And then boom there’s blog rumors on Tuesday that Top Rank is signing a deal with ESPN. Ok interesting. But didn’t they just sign that deal with Golden Boy for those regularly hosted fights on ESPN2.  Wednesday we find out Manny Pacquiao vs. Jeff Horn is going to be live on ESPN next weekend!  It’s kind of a bombshell, no? I was surprised, especially because the promotion of this fight was relatively silent this whole time. Or maybe that’s exactly the point… Maybe this is exactly the way sports are supposed to be served up in the ESPN model. You don’t know what you’re going to watch on ESPN two months from now, you just know you’re going to tune in and expect to see the biggest starts and highest quality of competition.

So here you have it folks served on a platter. Boxing the way you’ve been groomed to expect it from the way you watch other pro sports. Biggest network that you all get. WBO World Championship. Starring one of the 2 or 3 boxing stars that you actually know. Hey, all I’m saying is you better watch.

TL;DR on the terms 

Promoter: So sometimes when I tell people I want to be a boxing promoter they think the term “promoter” means something like a club promoter or brand promoter, not really a similar thing. The promoter is the name we use for the owner of the enterprise. The guy who is responsible for putting on the show, for making fights happen. You might call this the producer if it were a different industry. The largest and most notable promotion companies are Top Rank and Golden Boy, orchestrated by Bob Arum and Oscar De La Hoya respectively. There are others too but those are the big dogs.

Manager: This is like a mix between someone who is an adviser, mediator between a boxer and the other players in the industry, and an angel investor who in most cases makes an investment in and takes a financial stake in a boxer’s career. There are some sad stories about bad managers, but the general idea is that a manager sees a talent, backs him financially, and then someday when he’s rich and famous expects a return. In the early stages of a fighter’s career often times the boxer is making money not that’s coming from the fights but from his manager. Or in another common arrangement, the boxer is making money from his early fights, but those fights were financially backed by the manager. In actuality, the boxer is making money that his manager puts up to cover the purse. A way for the promoter to mitigate his risk in order to put the kid on the card. The promoter may not know a thing about the kid, but the manager has a lot of faith in the kids prospect, so in essence he covers the cost of having this fight on the card (in some arrangements).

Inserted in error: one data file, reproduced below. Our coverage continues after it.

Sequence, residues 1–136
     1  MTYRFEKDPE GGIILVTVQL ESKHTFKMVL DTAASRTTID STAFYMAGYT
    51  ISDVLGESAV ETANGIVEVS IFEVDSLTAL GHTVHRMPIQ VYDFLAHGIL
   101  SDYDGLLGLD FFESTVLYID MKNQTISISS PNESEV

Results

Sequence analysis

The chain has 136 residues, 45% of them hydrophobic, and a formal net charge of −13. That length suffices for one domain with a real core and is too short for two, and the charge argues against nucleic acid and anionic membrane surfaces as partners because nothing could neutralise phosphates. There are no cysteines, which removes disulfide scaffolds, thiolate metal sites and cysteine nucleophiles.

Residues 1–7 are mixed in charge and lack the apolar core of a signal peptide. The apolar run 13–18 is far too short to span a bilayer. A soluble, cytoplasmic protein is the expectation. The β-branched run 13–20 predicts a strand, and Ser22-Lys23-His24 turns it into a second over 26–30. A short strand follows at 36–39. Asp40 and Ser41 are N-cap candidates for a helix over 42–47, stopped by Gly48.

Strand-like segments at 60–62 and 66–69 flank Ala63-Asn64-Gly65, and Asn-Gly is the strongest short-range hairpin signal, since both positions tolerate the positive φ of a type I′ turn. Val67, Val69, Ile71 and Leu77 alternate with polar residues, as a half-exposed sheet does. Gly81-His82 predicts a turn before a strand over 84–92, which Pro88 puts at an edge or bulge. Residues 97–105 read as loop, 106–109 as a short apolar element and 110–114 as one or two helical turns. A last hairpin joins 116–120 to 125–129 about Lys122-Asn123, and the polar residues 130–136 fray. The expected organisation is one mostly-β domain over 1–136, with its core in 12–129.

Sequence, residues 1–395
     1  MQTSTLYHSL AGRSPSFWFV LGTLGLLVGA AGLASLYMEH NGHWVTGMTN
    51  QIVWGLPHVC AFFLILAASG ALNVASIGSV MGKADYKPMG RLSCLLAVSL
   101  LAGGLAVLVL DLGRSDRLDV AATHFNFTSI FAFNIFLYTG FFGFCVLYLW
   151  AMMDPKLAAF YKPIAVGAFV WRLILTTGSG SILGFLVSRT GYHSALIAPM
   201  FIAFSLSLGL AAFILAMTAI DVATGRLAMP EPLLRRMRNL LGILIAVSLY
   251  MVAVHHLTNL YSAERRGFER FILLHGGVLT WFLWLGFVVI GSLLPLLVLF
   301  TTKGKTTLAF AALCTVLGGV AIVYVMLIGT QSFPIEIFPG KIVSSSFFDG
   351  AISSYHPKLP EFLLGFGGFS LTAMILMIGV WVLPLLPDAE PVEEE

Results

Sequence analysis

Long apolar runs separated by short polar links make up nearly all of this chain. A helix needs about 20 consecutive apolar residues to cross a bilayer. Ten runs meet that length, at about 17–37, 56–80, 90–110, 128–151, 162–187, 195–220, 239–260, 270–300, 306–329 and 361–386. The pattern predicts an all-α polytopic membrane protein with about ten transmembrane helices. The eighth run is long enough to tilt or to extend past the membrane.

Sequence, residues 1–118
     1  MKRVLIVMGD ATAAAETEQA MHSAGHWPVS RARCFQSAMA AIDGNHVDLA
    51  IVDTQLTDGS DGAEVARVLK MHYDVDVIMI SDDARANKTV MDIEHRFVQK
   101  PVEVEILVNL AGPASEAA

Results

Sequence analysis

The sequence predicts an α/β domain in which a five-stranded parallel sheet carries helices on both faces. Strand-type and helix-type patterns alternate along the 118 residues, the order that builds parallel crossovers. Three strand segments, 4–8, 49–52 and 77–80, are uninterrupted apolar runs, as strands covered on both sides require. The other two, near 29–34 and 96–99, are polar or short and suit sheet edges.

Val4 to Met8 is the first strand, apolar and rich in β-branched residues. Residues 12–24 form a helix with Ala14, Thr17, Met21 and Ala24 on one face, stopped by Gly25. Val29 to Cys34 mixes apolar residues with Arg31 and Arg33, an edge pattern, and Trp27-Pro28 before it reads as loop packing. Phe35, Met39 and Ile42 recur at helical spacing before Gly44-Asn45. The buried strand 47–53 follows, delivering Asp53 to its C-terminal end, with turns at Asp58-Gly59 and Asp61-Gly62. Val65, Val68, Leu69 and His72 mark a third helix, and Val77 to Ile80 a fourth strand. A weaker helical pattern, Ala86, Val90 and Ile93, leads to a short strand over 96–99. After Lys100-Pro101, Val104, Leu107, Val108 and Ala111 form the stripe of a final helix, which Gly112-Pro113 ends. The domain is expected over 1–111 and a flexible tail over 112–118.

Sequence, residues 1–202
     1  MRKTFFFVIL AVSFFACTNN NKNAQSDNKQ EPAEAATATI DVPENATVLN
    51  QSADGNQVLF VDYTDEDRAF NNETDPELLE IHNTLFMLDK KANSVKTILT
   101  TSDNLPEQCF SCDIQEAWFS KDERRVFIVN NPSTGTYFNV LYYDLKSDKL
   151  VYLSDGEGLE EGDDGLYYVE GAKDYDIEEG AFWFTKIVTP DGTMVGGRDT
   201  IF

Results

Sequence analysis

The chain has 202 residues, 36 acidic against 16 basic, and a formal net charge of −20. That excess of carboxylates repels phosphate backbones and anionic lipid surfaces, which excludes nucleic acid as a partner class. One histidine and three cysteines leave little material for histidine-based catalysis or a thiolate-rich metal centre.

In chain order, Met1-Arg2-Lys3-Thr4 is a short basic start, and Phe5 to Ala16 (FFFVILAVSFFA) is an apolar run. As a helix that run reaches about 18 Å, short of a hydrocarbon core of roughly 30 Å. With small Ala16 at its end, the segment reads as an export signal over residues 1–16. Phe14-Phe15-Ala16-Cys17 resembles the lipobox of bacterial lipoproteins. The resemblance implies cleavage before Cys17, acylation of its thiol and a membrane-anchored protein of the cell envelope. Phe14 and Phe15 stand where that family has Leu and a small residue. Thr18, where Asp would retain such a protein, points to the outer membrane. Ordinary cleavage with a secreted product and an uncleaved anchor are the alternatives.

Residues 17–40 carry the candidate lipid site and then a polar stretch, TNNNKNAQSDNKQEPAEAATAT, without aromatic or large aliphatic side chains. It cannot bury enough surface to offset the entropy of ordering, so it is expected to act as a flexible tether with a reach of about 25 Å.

Matchmaker: Either works for the promoter or sometimes freelance. The matchmaker is responsible for doing just what it sounds like, making matches. There’s a lot of moving parts and things that fall through, so it can be a tricky task. Often times the promoter acts as the matchmaker, but then in other cases he outsources this task to someone else. Usually a fight card will start off with one entire side of the card, the “A side”, and it’s the matchmaker’s job to find opponents. A lot of song and dance as everyone is trying to protect their records, protect their brains, make sure their not getting abused, and make sure they can make as much money as possible from the offer you give them.